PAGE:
Here are the states with the highest cost of living in the individual indexes:
|46||Delaware||Nevada||Rhode Island||New Hampshire|
Arkansas’ consistently good scores in cost-of-living indexes might explain why it ended up as one of the overall best states for personal finances. Tennessee also makes multiple appearances, which contributes to its overall standing.
Hawaii and Alaska have a similar, if opposite, dynamic. Both appear in multiple categories as expensive states, leading both to be among the worst states for personal finances.
States with the lowest average effective property tax rates
The U.S. Census Bureau’s 2019 American Community Survey and the Annual Survey of State and Local Government Finances in 2019 provided the average effective property tax rates for different states. A state’s average effective property tax rate is an estimate of the percentage, on average, of a property’s value that’s paid annually in taxes.
Using the government data, we were able to find the average effective property tax rate based on what people in owner-occupied units pay on the state level.
|Rank||State||Avg. effective property tax rate|
Hawaii is the dark horse on this list. Hawaii has some of the most expensive property in the U.S., but it has a low effective property tax rate.
New Jersey has the highest average effective property tax at 2.44%, followed by New Hampshire at 2.12%. Illinois and Connecticut share third place at 2.11%.
Keep in mind that low property tax rates may not translate into a small tax bill because of property value. For example, homes in Hawaii are notoriously expensive. Hawaii’s median sales price for a home was $690,000 in September of 2021 according to RedFin. With a property tax rate of 0.28%, a homeowner with a home valued at a median home sales price in Hawaii could expect to pay $1,932 in taxes.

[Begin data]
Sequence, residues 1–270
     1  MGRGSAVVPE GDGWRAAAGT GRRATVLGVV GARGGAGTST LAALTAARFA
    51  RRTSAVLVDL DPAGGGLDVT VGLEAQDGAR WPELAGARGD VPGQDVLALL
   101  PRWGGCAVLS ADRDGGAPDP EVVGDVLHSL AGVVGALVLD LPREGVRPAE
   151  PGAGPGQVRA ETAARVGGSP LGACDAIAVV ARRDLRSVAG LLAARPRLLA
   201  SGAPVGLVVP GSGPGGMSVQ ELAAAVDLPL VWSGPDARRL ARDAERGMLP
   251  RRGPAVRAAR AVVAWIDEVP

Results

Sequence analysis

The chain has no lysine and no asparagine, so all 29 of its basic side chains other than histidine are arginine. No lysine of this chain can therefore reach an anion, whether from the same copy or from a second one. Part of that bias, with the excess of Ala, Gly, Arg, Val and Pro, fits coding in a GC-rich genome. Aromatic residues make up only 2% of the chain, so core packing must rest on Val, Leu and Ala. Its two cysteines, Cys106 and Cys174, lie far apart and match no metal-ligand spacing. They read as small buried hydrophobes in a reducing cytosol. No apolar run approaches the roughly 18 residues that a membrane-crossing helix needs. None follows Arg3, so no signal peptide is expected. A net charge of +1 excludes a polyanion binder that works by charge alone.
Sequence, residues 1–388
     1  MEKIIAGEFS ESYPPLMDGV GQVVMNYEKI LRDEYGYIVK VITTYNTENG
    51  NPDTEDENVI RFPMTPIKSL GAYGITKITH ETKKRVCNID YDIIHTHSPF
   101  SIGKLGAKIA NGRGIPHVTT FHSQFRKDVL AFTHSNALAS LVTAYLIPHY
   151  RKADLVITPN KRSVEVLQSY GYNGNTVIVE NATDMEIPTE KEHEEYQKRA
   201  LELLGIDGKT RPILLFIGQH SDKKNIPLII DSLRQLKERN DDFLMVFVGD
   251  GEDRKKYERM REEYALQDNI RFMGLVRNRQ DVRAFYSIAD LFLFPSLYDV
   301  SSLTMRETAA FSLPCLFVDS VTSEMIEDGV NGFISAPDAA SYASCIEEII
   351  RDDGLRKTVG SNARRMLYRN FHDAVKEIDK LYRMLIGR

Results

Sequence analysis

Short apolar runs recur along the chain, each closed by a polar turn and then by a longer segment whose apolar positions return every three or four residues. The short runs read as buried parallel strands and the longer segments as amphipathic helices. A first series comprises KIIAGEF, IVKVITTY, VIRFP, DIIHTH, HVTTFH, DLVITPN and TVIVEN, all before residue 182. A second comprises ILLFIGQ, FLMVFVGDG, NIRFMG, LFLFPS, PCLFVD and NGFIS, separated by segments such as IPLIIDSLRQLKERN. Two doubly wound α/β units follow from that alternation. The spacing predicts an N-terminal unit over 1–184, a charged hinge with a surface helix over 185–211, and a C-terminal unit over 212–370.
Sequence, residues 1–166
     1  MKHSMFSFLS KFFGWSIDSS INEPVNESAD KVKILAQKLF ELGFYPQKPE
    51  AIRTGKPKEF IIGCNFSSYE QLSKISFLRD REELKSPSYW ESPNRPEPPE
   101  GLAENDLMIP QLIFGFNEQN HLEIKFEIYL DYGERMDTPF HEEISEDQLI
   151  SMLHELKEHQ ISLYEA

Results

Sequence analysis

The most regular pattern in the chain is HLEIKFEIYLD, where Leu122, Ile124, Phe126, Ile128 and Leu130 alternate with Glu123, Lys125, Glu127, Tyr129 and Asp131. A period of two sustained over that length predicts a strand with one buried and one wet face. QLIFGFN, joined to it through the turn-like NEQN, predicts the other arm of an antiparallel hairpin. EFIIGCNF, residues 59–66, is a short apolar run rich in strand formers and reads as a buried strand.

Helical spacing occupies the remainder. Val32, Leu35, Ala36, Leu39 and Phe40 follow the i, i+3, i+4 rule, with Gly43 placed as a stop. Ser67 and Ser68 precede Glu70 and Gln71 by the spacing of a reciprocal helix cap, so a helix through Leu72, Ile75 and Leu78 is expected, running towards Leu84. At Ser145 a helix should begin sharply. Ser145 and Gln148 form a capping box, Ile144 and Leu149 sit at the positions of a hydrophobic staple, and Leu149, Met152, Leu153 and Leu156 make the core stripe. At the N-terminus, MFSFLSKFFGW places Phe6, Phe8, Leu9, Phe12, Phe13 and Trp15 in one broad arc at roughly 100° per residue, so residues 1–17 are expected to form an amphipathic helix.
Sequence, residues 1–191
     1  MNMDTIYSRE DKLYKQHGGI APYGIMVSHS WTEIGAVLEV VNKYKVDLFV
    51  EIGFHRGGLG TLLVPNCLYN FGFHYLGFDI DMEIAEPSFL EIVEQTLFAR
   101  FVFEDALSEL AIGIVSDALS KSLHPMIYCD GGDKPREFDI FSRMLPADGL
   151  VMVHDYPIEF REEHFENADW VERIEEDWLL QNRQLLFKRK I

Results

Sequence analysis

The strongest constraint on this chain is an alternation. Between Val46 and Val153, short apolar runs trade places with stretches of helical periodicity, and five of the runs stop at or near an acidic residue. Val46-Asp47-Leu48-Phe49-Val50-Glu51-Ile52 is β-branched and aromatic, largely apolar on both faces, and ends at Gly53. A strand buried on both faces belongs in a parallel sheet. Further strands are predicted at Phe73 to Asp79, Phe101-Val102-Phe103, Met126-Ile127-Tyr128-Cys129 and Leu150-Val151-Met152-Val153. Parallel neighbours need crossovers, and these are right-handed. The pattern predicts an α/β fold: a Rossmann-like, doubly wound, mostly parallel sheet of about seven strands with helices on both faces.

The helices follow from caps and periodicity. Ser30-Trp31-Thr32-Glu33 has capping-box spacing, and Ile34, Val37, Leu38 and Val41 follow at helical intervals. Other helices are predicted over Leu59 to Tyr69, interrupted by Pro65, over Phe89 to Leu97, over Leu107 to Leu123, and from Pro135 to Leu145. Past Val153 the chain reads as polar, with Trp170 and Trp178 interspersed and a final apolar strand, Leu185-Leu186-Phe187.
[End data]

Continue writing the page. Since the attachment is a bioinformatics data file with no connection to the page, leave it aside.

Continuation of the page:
Alabama has the next lowest average effective property tax at 0.37%, and its median home sales price in September of 2021 was $256,000. A homeowner whose home is valued at Alabama’s median home value would owe only about $947 in taxes, despite facing a higher effective tax rate.
New Jersey gets hammered twice because it has both a high effective property tax rate and expensive property. The median sales price for a home in New Jersey in September 2021 was $423,000. Assuming the homeowner has a home valued for that amount and must pay the average property tax rate of 2.44%, they’d owe a whopping $10,321.20 in taxes.
States with the lowest income tax rates and highest median income
There are eight states with no state income tax in 2022: